lems, low staff morale, stress and burnout; all of which may
Senyum (smile) To remember to smile adversely affect care delivery and patient outcomes. In recogni-
Salam (greeting) To greet or welcome in a friendly way tion of this, some steps have been taken to roll-out a mentorship
Segara (prompt/urgent/ To act promptly or quickly, to be responsive
without delay)
scheme for new graduates in Malaysia (Chua 2006a; Materia
Sensitif (sensitive) To be sensitive to the needs of patients and Medica Malaysiana 2006) though to date neither formal graduate
families nurse programmes nor professional supervision programmes
Sopan (polite/respectful/ To be polite and respectful during interactions (Hyrkas et al. 2006; White & Winstanley 2006) that could draw
courteous) upon the country’s stock of retired nurses have been widely
Sentuh (touch) Use of personal touch/approach (within
adopted.
cultural context)
Segak (smart looking/ To maintain a professional (smart) appearance The nursing workforce has become globalized (Kingma 2007).
elegant/chic) Increasingly, employers (and governments through immigration
policy) recruit nurses internationally – further contributing to
*Source: Tee (2006). the shortage of nurses in those countries they target for recruit-
ment, including Malaysia (Chua 2004). Comparatively low
wages, the high standard of education provided, with its focus on
The regular, large influx of new graduates has placed an addi- clinical practice and English language competency, has made the
tional workload on more experienced nurses to whom the out-migration of Malaysian registered nurses (RNs), especially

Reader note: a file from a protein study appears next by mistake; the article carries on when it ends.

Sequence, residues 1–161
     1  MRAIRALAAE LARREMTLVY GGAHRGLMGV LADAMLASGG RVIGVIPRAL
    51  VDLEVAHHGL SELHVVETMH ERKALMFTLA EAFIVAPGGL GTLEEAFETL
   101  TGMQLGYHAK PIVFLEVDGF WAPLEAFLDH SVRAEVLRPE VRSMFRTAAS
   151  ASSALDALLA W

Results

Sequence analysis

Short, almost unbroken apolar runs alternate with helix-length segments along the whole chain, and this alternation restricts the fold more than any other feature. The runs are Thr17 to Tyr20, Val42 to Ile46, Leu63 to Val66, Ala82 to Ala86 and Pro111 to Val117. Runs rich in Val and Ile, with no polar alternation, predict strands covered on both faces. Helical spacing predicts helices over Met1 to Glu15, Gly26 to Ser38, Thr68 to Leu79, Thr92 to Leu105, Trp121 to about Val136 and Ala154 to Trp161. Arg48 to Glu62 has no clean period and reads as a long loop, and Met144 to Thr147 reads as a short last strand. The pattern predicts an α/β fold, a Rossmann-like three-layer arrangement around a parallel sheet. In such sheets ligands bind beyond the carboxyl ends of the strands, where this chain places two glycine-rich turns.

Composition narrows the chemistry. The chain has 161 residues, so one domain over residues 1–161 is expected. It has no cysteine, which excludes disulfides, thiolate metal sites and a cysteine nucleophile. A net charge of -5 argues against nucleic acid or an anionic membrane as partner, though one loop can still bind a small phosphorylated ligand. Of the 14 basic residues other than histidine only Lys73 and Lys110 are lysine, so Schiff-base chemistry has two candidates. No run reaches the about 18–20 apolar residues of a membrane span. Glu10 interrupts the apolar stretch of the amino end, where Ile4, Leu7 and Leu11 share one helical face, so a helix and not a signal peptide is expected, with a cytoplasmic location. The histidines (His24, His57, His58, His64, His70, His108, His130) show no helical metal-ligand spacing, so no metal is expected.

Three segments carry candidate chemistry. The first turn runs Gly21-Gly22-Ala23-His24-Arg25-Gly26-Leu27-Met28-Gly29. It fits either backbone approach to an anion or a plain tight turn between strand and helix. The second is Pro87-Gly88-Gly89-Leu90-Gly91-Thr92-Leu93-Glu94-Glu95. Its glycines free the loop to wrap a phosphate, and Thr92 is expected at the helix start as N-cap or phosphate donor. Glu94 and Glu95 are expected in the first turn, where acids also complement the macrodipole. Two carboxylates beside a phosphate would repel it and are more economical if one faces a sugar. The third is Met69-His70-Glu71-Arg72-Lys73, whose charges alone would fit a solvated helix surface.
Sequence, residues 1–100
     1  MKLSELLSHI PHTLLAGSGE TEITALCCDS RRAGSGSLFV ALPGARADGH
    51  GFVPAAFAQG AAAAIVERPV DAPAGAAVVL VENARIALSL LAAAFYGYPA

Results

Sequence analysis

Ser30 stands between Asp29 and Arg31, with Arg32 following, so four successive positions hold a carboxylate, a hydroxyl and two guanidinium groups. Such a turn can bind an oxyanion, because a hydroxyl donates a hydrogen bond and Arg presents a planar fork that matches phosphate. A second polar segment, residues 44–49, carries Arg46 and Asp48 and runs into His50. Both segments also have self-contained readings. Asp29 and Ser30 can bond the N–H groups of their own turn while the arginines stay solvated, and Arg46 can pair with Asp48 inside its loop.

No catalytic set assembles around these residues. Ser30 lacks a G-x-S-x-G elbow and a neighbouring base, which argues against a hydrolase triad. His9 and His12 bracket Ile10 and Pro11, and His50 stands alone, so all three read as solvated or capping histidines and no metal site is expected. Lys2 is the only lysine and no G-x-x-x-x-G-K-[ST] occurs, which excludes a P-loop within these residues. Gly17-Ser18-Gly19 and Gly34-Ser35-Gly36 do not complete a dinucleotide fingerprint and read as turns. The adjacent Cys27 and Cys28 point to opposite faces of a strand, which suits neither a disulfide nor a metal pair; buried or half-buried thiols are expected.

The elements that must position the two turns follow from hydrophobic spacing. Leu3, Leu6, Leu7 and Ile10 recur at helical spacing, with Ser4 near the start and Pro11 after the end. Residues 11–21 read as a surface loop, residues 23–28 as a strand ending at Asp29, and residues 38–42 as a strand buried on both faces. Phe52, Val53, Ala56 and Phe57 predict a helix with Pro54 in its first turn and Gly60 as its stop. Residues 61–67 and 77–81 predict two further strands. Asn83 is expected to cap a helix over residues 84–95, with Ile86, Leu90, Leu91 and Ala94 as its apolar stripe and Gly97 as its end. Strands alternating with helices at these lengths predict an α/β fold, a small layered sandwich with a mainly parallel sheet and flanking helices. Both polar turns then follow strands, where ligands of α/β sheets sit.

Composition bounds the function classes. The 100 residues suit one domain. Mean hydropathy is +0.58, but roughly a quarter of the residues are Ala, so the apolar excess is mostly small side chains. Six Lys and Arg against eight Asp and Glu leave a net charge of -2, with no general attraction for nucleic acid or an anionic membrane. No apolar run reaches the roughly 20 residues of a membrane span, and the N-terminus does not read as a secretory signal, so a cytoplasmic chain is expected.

primary responsibility falls to guide novices into the professional to English-speaking countries such as the UK, the USA and
role. This mentoring process, important to the development of Australia, very attractive. Islam, the national religion of Malaysia

© 2010 The Authors. Journal compilation © 2010 International Council of Nurses


36 T. Barnett et al.

also attunes many nurses to employment opportunities in the nance level, nursing, which used to be under the jurisdiction of
Middle East and other predominantly Muslim areas where less the Medical Practice Division of the Health Ministry, is now a
adjustment is required to fit in with local customs and mores. separate division with more autonomy and, arguably, greater
Short-term employment contracts in such countries have been influence on policy development (Materia Medica Malaysiana
particularly attractive to nurses who have been required to retire 2006).
from the government (public) hospital sector and have sought to Whilst such initiatives have been welcomed, there is urgent
enhance their quality of life in later years by spending time need not only to increase the level of support and mentorship
earning significantly more income overseas. provided to the influx of new graduates, but also to reduce the
In addition to increasing the supply of nurses, other options to occupational hazards associated with nursing work, for example,
address workforce shortages are to reduce demand and to violence (Jackson et al. 2002), needlestick and back injuries
improve retention or plug the ‘leaky bucket’. (Kong & Chor 2007) as well as stress. As found elsewhere, these
hazards have become the ‘new’ epidemics of the profession